In this context, Samaraweera has been the exception. A cabinet minister since 1994 (with a number of interruptions in between spent in the opposition benches), Samaraweera has never sought to hide his sexual orientation behind a cis-heteronormative marriage. In 2016, under his purview, Sri Lanka made the exemplary decision of voting in favour of the appointment of the UN’s Sexual Orientation and Gender Identity/Expression (SOGIE) Special Expert. Sri Lanka was also the only country in the South Asian region to vote in favour of the Special Expert. This decision is extremely important, as Sri Lanka’s foreign policy apparatus has a long-standing habit of brushing SOGIE issues directly under the carpet. They did so with skill, for example, at the 2013 Commonwealth summit, making sure that no SOGIE issues were openly raised during the summit proceedings held in Sri Lanka.
Sri Lanka’s endorsement of the SOGIE Expert is therefore a crucial and highly significant foreign policy decision, which ought to preferably mark the development of a stronger emphasis on fundamental rights, with a strong SOGIE component. That the Special Expert who was eventually appointed, Professor Vitit Muntarbhorn, is a distinguished academic and a citizen of the Kingdom of Thailand, a country with which Sri Lanka shares centuries-long ties of kinship, shared sociocultural, artistic and religious traditions, is also of tremendous significance.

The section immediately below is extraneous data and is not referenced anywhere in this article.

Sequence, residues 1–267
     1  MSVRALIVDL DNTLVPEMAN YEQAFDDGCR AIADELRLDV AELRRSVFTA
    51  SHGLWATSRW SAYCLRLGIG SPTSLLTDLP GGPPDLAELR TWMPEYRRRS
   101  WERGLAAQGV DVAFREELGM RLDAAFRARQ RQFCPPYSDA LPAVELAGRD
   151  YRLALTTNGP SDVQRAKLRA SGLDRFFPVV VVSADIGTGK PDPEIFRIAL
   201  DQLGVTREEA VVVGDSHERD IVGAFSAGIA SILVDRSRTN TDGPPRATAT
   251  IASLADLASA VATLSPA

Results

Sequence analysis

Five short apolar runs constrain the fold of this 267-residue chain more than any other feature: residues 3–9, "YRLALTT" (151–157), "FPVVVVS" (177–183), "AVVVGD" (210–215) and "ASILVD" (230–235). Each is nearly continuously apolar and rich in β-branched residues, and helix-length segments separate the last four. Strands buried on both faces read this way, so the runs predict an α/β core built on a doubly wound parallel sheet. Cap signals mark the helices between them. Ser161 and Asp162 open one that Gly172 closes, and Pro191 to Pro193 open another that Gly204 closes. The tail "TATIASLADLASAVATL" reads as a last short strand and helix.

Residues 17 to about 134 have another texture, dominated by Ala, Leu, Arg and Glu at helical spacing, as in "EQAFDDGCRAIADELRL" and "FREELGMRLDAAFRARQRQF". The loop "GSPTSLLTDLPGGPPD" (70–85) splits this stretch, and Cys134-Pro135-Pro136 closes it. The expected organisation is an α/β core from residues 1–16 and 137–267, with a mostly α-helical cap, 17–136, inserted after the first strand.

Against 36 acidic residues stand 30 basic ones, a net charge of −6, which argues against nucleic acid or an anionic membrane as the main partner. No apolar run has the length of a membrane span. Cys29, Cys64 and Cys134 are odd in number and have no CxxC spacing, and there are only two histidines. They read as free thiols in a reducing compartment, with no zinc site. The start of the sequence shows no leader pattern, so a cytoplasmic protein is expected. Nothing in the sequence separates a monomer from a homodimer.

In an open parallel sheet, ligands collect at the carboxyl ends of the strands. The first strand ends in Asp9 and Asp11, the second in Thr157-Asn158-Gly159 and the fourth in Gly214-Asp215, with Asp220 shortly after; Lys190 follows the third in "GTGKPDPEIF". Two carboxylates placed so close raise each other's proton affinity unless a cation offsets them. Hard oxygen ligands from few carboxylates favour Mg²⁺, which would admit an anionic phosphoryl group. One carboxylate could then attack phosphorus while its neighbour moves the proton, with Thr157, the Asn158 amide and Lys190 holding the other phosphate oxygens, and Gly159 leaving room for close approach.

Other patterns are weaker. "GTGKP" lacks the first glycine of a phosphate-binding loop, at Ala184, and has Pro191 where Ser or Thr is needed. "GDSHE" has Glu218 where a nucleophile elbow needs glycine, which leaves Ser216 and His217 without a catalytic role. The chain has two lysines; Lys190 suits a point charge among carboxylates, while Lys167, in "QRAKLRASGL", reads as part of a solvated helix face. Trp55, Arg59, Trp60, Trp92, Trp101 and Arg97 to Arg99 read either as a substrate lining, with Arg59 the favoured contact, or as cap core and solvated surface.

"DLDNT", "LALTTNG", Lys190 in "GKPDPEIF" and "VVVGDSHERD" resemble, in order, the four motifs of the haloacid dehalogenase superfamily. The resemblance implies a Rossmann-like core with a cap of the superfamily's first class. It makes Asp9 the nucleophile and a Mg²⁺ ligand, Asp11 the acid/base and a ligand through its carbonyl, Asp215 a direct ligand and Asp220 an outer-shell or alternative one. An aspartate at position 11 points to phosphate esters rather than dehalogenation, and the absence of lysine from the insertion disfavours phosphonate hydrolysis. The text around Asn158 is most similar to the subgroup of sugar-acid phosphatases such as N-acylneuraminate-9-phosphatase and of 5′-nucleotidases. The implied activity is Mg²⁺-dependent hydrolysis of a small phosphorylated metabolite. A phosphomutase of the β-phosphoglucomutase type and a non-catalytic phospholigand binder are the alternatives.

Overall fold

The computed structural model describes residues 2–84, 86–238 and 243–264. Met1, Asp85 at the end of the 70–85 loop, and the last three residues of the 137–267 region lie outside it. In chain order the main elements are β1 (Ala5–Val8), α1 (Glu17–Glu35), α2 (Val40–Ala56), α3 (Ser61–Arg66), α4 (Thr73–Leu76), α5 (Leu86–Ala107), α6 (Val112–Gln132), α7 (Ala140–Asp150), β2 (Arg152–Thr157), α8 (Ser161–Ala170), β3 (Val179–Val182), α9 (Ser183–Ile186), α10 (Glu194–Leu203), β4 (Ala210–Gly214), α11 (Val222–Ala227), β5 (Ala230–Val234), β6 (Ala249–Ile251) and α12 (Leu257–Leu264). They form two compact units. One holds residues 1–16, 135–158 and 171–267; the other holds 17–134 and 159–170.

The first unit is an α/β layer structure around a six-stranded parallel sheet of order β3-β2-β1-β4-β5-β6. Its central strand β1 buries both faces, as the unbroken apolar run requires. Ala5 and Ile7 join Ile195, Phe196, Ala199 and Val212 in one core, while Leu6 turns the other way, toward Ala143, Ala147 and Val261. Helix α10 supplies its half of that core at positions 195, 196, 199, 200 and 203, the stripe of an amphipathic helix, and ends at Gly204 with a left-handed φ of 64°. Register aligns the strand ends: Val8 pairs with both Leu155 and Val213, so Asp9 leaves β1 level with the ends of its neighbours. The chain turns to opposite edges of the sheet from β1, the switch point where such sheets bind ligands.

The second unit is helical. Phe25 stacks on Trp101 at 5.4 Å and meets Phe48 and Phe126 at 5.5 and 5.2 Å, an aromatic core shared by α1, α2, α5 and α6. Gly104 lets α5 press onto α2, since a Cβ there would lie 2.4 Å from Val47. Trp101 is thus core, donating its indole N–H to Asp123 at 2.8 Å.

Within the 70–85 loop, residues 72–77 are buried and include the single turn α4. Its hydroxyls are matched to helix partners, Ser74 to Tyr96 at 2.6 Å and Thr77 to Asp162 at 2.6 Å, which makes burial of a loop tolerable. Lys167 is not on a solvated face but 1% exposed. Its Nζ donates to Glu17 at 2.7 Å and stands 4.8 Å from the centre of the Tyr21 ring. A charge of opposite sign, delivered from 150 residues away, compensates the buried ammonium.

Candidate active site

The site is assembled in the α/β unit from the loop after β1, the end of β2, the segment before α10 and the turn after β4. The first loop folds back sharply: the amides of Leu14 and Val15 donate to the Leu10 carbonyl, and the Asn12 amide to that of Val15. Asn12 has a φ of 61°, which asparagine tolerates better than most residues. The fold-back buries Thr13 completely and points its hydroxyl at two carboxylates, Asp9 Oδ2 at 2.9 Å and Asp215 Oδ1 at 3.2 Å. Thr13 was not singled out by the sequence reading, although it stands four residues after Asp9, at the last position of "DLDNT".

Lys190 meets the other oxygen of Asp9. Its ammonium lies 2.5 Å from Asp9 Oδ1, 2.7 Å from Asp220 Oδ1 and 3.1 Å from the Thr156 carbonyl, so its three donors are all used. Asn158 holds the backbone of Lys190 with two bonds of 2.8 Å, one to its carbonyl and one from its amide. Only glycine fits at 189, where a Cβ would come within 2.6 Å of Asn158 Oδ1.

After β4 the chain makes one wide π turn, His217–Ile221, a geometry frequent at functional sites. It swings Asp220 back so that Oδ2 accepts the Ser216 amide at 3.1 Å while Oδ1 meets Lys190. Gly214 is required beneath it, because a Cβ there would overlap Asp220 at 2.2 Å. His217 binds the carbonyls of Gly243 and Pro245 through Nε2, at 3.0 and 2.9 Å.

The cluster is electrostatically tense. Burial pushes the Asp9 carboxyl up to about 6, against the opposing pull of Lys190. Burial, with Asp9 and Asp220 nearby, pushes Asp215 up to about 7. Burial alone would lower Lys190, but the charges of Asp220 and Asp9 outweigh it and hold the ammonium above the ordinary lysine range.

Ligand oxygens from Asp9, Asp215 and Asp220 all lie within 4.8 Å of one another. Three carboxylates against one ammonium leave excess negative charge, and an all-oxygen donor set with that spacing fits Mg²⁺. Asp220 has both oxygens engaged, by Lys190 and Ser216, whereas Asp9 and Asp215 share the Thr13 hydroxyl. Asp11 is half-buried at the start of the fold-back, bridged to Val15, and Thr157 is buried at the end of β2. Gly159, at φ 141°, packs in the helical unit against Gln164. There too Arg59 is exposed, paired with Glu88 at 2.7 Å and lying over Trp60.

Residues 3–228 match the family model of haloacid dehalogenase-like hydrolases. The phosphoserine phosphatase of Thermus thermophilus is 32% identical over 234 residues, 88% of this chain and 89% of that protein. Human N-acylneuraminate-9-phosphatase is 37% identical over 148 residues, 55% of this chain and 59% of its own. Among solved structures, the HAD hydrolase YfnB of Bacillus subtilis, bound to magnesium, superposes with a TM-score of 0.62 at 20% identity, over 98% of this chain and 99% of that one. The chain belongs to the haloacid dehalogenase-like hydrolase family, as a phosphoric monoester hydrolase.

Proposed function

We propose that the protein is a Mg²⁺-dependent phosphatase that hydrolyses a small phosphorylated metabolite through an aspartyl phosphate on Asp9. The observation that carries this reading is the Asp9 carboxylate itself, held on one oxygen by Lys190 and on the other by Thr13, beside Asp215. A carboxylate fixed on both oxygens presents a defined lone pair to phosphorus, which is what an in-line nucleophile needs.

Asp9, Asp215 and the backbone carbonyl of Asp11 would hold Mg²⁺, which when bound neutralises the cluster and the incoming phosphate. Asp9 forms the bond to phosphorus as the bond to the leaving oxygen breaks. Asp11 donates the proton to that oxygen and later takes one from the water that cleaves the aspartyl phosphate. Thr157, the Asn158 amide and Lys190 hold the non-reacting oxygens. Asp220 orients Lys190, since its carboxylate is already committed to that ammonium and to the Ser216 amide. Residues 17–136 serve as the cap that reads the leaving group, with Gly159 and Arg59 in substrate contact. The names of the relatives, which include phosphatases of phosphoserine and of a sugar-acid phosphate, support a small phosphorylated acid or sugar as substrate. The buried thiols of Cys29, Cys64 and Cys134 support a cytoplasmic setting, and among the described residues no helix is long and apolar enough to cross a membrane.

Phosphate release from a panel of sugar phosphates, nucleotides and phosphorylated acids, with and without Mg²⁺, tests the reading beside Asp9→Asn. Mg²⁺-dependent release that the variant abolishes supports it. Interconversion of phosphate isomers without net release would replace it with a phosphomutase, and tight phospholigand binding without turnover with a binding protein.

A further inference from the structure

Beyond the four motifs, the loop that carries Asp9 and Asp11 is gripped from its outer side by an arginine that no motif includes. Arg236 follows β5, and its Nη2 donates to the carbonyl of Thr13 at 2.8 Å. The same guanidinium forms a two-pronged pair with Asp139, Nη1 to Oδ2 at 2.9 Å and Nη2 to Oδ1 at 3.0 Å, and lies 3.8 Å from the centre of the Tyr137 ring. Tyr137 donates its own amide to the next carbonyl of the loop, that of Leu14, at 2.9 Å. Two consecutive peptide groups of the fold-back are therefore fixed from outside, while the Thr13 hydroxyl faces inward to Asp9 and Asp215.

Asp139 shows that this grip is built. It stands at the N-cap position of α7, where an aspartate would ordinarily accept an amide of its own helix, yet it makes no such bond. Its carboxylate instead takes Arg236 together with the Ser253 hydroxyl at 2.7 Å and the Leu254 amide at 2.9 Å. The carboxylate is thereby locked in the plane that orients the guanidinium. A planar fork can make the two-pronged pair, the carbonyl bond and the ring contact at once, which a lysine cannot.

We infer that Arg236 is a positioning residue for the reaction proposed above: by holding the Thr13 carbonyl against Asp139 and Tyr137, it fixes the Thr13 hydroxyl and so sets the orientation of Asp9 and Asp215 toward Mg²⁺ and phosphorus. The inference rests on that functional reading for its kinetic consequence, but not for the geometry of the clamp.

Problematic elements of Yahapalana Foreign policy?
The exemplary nature of the SOGIE vote, however, does not transpire in many other foreign policy decisions of the yahapalana government. As this writer has noted in previous writing to the press, foreign policy under Ranil Wickremesinghe and Mangala Samaraweera leaves a great deal to be desired. Some aspects of foreign policy management involve a bleak understanding of strategic priorities, and a lack of thinking ‘beyond the box’ of conventional foreign policy trends of a bygone era. The effort to produce the polar opposite of the previous administration is yet another pitfall. The continuity of an external affairs budget-burden to sustain a ‘white-elephant-foreign-affairs-structure’ that Sri Lanka simply cannot afford is an issue that is largely overlooked. Deeper problems remain when negotiating the fine balance between national sovereignty, regional cooperation and global priorities, in one of the least supra-nationally integrated regions of the world.